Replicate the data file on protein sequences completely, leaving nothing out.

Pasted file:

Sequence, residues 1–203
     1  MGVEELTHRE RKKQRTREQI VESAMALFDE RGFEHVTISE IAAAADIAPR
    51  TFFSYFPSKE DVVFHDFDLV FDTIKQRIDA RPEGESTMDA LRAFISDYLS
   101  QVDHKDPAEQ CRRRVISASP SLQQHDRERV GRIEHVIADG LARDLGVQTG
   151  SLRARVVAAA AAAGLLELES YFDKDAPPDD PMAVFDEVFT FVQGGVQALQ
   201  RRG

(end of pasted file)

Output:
Sequence, residues 1–203
     1  MGVEELTHRE RKKQRTREQI VESAMALFDE RGFEHVTISE IAAAADIAPR
    51  TFFSYFPSKE DVVFHDFDLV FDTIKQRIDA RPEGESTMDA LRAFISDYLS
   101  QVDHKDPAEQ CRRRVISASP SLQQHDRERV GRIEHVIADG LARDLGVQTG
   151  SLRARVVAAA AAAGLLELES YFDKDAPPDD PMAVFDEVFT FVQGGVQALQ
   201  RRG